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The Last Picture Show (Mass Market)
Larry McMurtry
Bram Stoker, Ruben Toledo
Ludwig Wittgenstein: The Duty of Genius
Ray Monk
The Portrait of a Lady
Henry James, Patricia Crick
Maigret et le marchand de vin
Georges Simenon
Le Rouge et le Noir

Under the Red Flag (Flannery O'Connor Award for Short Fiction)

Under the Red Flag - Ha Jin I like Ha Jin for the simplicity of his stories. The characters tend to have basic motivations that are easily comprehensible. The plots of the stories also seem basically simple. They are neither fairy-tale's nor determined to show a malevolent fate. What's successful is that he is able to make these stories interesting, and even to take unexpected turns within the simple framework.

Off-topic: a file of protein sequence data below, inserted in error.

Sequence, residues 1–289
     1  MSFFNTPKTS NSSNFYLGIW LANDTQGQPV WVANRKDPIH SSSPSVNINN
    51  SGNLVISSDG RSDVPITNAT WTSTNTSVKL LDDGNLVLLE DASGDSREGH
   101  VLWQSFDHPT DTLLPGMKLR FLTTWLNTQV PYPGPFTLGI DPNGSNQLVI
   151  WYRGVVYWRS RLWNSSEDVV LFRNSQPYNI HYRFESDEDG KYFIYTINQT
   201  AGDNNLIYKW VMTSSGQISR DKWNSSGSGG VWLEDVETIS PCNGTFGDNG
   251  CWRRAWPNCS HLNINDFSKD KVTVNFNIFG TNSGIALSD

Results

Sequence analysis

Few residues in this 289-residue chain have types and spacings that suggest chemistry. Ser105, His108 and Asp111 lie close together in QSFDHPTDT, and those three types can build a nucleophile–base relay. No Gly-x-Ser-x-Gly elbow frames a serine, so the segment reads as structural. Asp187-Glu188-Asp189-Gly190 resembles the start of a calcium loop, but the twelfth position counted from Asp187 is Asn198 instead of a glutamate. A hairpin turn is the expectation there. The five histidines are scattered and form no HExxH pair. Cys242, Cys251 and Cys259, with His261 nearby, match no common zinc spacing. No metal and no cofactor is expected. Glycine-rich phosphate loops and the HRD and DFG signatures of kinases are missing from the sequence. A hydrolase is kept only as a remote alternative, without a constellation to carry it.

Obviously some of the interest is generated by cultural difference, both the Chinese culture in general, and the specifics of the Cultural Revolution period. But as I mentioned in my review of "Ocean of Words", the stories are definitely about people. So while the stories are flavoured distinctively by the settings, they remain definitively about the human side of these situations. I think this worthy of respect. It seems to me there must have been some temptation to politicize the writing, but instead of making me fear and hate the time period, it actually makes me more comfortable, with it. I feel I can understand better how people lived through those situations. At the same time the oppresion of people's lives is clearly shown. It's just that it ends up seeming more like the way any society has negatives and positives that effect the lives of the people who live in it. Don't get me wrong, I'm not left with any desire to live there. I don't mean to say all societies are basically equal or anything like that. Just trying to frame the feeling communicated by these stories. Both the wickedness and the naturalness of the times.